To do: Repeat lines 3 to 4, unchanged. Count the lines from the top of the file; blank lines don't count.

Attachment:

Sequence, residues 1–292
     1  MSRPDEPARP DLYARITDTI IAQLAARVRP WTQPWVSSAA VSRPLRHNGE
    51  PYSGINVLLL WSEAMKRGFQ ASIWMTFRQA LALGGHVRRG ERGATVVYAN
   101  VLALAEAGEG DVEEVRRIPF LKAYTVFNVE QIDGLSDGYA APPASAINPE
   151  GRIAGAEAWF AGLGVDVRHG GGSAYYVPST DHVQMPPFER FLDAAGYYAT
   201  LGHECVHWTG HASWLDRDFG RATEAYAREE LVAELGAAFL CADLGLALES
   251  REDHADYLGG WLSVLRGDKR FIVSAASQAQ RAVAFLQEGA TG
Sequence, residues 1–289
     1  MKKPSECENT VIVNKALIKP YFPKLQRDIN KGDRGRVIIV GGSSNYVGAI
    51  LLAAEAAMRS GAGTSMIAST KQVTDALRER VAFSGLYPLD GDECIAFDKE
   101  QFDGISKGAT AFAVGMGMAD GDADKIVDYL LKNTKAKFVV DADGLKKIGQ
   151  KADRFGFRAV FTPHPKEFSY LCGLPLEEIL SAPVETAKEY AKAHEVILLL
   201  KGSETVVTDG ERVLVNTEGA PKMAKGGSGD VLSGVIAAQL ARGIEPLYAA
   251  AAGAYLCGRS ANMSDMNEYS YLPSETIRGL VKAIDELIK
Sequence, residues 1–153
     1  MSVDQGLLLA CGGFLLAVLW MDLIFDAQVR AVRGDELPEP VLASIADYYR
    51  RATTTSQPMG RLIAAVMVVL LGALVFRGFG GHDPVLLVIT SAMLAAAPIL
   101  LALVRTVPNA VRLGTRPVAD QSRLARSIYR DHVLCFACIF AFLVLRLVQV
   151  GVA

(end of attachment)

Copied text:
    51  PYSGINVLLL WSEAMKRGFQ ASIWMTFRQA LALGGHVRRG ERGATVVYAN
   101  VLALAEAGEG DVEEVRRIPF LKAYTVFNVE QIDGLSDGYA APPASAINPE